On October 7, we broke ground for the Eugene and Marilyn Glick Eye Institute, to be located on the northeast corner of Michigan Street and West Drive, immediately west of Long Hospital. The building will house the Department of Ophthalmology, which observes its 100th anniversary this year.
A $30 million gift from the Eugene and Marilyn Glick Family Foundation made possible the building's construction and creates a $10 million endowment that will advance research in eye diseases such as glaucoma, macular degeneration, diabetic retinopathy, cataracts, other age-related vision problems, and eye diseases in children.
The four-story, 70,000-square-foot building will have an adult outpatient clinic, ophthalmology classrooms, an optical shop, a basic science research center, faculty and administrative offices, graduate student meeting rooms, and space for program expansion. Nearly half the building will be dedicated to space for research. It will permit us to increase faculty, doubling the number of researchers and physicians dedicated to finding solutions to vision loss.
Marilyn Glick devoted more than 28 years of service to Prevent Blindness Indiana. A few years ago, when she visited our Department of Ophthalmology, she was impressed with the research and potential for interdisciplinary collaboration. Her expectations are high. She wants to see major breakthroughs and she wants Indiana University to be at the forefront in vision research.
Since 1908, the IU ophthalmology department has offered the only medical education program for ophthalmologists in the state. More than 500 residents and fellows have been trained in the field, and more than half of all ophthalmologists in Indiana are alumni. In addition to research, the department staffs a clinical care center for people suffering vision loss.
Alumni, faculty, staff, and friends celebrated the centennial of the founding of the IU Department of Ophthalmology October 10-12 with a medical education conference, "Advances in Ophthalmology: The Future is Here."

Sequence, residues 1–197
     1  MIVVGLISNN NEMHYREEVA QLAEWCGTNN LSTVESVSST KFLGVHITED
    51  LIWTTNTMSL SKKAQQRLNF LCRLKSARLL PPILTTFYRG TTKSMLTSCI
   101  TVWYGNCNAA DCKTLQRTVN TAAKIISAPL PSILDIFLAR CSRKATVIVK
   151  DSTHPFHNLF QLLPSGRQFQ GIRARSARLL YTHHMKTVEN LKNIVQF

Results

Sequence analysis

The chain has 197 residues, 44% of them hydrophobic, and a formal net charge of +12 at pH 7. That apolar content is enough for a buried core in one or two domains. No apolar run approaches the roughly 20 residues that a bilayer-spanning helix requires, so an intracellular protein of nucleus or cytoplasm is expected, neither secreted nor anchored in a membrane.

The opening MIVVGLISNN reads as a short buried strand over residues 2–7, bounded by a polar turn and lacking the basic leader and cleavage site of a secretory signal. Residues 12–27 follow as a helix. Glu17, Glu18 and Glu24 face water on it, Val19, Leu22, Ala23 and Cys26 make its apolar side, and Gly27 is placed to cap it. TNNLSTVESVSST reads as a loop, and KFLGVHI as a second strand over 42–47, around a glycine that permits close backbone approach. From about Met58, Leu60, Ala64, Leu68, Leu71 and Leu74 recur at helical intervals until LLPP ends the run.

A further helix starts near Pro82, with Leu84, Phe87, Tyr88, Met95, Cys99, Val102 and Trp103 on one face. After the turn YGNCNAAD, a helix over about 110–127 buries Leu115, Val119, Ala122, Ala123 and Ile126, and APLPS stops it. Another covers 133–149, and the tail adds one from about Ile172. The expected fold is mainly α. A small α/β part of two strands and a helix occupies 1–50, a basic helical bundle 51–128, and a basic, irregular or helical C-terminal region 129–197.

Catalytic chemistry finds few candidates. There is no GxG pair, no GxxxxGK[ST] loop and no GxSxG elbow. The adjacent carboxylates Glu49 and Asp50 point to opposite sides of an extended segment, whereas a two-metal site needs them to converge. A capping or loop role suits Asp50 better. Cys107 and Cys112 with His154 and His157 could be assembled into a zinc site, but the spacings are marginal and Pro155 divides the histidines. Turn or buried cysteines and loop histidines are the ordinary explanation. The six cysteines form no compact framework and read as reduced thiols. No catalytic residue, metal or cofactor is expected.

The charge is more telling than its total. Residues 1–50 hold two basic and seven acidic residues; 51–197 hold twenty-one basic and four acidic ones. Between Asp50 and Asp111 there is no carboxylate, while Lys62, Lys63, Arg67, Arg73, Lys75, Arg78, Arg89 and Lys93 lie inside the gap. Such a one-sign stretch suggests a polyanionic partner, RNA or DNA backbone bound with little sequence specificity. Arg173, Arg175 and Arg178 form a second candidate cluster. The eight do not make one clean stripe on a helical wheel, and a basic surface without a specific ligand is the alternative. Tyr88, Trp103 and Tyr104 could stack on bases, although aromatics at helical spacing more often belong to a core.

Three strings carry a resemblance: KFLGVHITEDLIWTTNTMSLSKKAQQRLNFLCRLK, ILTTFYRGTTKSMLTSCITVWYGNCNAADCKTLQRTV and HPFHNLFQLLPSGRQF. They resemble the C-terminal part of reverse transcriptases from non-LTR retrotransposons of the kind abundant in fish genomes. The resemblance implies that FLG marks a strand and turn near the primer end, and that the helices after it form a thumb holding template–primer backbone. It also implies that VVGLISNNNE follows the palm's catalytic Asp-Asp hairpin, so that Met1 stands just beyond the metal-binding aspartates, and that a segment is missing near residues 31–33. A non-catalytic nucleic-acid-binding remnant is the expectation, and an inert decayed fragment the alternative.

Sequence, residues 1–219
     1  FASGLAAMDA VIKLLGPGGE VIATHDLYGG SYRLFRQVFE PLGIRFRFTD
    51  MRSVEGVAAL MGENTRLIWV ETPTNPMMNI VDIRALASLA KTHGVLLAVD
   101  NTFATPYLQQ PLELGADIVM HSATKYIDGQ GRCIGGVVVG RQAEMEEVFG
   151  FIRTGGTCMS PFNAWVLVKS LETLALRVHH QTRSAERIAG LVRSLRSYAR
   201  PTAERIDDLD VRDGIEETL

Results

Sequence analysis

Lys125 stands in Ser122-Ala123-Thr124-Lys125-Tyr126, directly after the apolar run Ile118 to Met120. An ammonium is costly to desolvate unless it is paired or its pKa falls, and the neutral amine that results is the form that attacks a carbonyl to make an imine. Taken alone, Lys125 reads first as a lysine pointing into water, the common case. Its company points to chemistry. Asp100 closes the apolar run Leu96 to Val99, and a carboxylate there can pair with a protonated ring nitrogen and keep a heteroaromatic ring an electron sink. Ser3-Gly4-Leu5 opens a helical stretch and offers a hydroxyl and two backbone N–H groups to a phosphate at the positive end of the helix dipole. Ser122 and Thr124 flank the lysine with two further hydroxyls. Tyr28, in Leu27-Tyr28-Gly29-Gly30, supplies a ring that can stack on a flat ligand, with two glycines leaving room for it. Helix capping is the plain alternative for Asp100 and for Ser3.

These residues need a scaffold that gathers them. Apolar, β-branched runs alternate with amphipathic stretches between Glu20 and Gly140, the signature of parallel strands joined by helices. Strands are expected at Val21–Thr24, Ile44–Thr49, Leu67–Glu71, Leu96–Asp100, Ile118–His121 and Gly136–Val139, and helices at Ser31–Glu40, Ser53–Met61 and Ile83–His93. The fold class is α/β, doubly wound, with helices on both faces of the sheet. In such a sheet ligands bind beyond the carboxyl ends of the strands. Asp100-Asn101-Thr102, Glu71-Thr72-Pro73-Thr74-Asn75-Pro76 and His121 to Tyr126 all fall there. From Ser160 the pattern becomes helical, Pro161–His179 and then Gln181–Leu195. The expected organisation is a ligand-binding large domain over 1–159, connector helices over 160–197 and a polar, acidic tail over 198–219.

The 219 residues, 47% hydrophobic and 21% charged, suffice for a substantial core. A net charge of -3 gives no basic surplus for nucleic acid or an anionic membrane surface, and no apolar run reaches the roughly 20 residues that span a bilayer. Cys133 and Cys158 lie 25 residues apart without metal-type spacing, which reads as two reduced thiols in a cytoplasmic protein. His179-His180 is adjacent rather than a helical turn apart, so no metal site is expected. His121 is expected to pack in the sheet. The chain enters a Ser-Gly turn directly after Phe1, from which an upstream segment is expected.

The Department of Opthalmology also houses the most complete laboratory in the world for quantifying blood flow in the back of the eye.
Alon Harris, Lois Letzter Professor of Ophthalmology, Professor of Cellular and Integrative Physiology, and director of the Glaucoma Research and Diagnostic Laboratories, uses the state-of-the-art blood flow device to understand abnormal ocular blood flow in patients with glaucoma, age-related macular degeneration, and diabetic retinopathy. Scientists then look for medications that can improve blood flow to the back of the eye. Dr. Harris, who holds both a master's and doctorate from IU, is focusing on medications that alter blood flow in macular degeneration and glaucoma.
Mark Criswell, also an IU alumnus, is a core faculty member in the Indiana Center for Vascular Biology and Medicine, an affiliated scientist with the IU Center for Aging Research, and director of the Retina Service Research Laboratories. His interdisciplinary research involves vascular changes in diabetic retinopathy. The lab studies the underlying causes of retinal pathologies and evaluates the effectiveness of drug agents and therapies currently under development to treat these conditions.
Another development contributing to IUPUI's leadership as the translational campus is the Indiana Commission for Higher Education's approval of our new Ph.D. in biostatistics, which involves the collaboration of the Department of Mathematical Sciences in our Purdue School of Science and the School of Medicine's Division of Biostatistics. The program requires graduate work in statistics, probability, and the design of clinical trials.
The participation of doctoral-level biostatisticians in designing clinical trials and analyzing data is an increasingly important component of translating research into practice, whether in universities, private industry, or government agencies, so demand for experts in the field will continue to grow. In fact, the most successful National Institutes of Health grant applications are collaborations between clinical or bench scientists and biostatisticians.
It is aptly said that "statistics is the taming of randomness," so this new program should help speed the pace of translating research into practice.
Charles R. Bantz